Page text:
Stephen Fry is a certified British national treasure. The Cambridge University-educated actor/writer/TV presenter is so wonderful that it's a pleasure to see him make a mistake, as he did today in his weekly Guardian technology column, Dork Talk. When speaking of the lashings of press Apple receives whenever it releases a new product, Fry wrote: "Whoopy-doo, as Americans like to say."
Cor-flimey, I've never met an American who liked to say that, or disliked it for that matter, that is, who ever said it. "Whoop-di-doo," perhaps, or, current favorite, "Big whup." But never "whoopy-doo." (We do "make whoopy"--or did in the 1920s--although actually I think that's spelled "whoopie.")
We don't really have people like Fry in America: someone who can be intellectual AND funny. American audiences probably know him best through "Jeeves & Wooster," the TV adaptation of the P.G. Wodehouse stories. But he's a fixture on television here and currently hosts an amazing program called "Q.I." The British have a lot of comedy quiz shows that require the celebrity contestants to actually have two brain cells and a synapse between them. "Q.I."--it means "quite interesting" and has evolved into a mini-empire-- is the cream of the crop. Fry is master of ceremonies as two two-person celebrity teams compete to answer questions about....About what? Oh, the physics of invisible ink, the architecture of whale penises, the German national anthem, faux European Union directives--that sort of thing. It really doesn't make much difference what the topics are since they're just excuses to spout witty in the discursive way that seemingly only the British can do.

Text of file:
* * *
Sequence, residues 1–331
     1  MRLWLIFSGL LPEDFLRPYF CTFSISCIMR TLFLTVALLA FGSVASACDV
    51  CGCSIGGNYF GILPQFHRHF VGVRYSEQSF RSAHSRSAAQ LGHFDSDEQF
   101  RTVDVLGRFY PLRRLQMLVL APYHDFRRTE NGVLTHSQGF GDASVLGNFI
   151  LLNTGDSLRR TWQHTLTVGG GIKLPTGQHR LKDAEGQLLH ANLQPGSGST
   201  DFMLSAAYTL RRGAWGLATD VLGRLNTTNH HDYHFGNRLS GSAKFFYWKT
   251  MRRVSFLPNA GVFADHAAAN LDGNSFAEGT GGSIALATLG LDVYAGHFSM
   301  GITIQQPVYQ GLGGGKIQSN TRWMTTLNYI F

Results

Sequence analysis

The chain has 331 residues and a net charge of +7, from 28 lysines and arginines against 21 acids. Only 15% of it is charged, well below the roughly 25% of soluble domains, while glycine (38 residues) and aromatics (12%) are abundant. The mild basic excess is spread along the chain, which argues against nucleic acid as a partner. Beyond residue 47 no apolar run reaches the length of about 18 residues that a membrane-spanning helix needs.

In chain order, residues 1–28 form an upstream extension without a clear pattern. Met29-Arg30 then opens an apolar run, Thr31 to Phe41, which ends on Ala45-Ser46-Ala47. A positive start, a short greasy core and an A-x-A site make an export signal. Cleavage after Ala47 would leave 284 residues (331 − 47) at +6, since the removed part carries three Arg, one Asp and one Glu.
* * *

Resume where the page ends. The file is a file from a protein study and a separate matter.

"Q.I." is our current favorite program[me], despite the fact that it is so funny it can be physically painful to watch. (The closest we come to it in America is probably NPR's "Wait, Wait... Don't Tell Me." And it's not that close.)
I can imagine BBC television producers kicking around ideas and one saying, "Let's get Stephen Fry to do it!" It doesn't really matter much what "it" is: a documentary on Isambard Kingdom Brunel, a tour of West Country cheddar farms, a quiz show on the Law of the Sea Treaty. Whatever it is would get that trademark Fry touch: witty and erudite, cerebral without being off-puttingly intellectual, clever but not too-clever-by-half, twinkly-eyed and chuckley, if that's a word (and if it isn't, it should be), with at least one Oscar Wilde quote per episode.
Fry's current project appears to involve traveling to all 50 states in the U.S. in a black London taxicab. (The Brits love unleashing their comics on the world, Baedeker in hand.) I can't wait to see it. Or, as Stephen Fry might say, "Whoopy-doo!"